Perhaps the most eagerly-anticipated fruit export in years, boxes of Indian mangoes have started cropping up in a few city delis, after a 20-year ban. Most Americans have only tasted Mexican or Guatemalan mangoes from the supermarket, whose stringy flesh and faint sweetness pales by comparison. The FDA’s concern over pesticides used by Indian farmers halted the mango trade until George W Bush lifted the ban in 2006, as part of larger trade and nuclear cooperation agreements. Currently, only 2 of the 1500 varieties grown in India, which produces 50% of the world’s supply, are allowed in the US: the alphonso and the kesar. Admittances requires that they be treated with irradiation to eliminate seed weevils.
I tried an alphonso, fondly known as the king of fruits, after my snacking associate spotted some in a box at Dual Specialty Store, an Indian deli on First Avenue. The mango’s flesh was firm but more creamy than pulpy, and the outer layers had, in addition to an intense mango taste, notes of floral and spice. Towards the middle the mango turned sweeter, more honey-and-vanilla, dribbling juice. It was bar far the best mango I’d ever had.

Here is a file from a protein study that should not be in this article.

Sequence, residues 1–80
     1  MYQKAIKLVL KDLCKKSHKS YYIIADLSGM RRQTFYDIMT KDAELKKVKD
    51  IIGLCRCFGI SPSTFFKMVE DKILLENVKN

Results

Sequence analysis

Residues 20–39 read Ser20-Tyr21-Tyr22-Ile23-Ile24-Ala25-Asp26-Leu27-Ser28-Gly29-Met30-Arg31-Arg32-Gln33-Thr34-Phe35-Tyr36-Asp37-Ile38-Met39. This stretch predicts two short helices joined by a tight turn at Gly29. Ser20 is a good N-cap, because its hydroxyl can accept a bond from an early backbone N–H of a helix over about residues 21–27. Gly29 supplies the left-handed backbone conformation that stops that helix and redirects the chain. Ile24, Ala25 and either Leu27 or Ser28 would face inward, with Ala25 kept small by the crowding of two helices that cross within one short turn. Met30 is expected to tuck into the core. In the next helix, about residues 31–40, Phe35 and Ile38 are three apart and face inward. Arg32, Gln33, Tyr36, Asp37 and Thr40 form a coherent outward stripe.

So of course, it was back to Dual for more mangoes. I picked out two green ones, wrapped in styrofoam nets, hoping that they will ripen to golden yellow. Since they were an exorbitant $3.50 each, I also picked up a more reasonably-priced $1.50 Mexican mango, which was bigger and promisingly shaded vivid red and gold. Compared to the Alphonso it fell flat. There was no complexity, little flavor, and pulpy bits. The man at the counter said they were running low on the alphonsos, but they would be getting some kesars in soon (sure enough, the first sea shipment left Mumbai on June 12 and is due this week). And then, since mango season ends in June, and there are still few importers, there will likely be no more til next year. For now, Patel Brothers in Jackson Heights might be another likely source. Get them while you can, because mango fanatics will be snapping them up.
Dual Specialty Store
91 First Avenue between 5th st. and 6t st.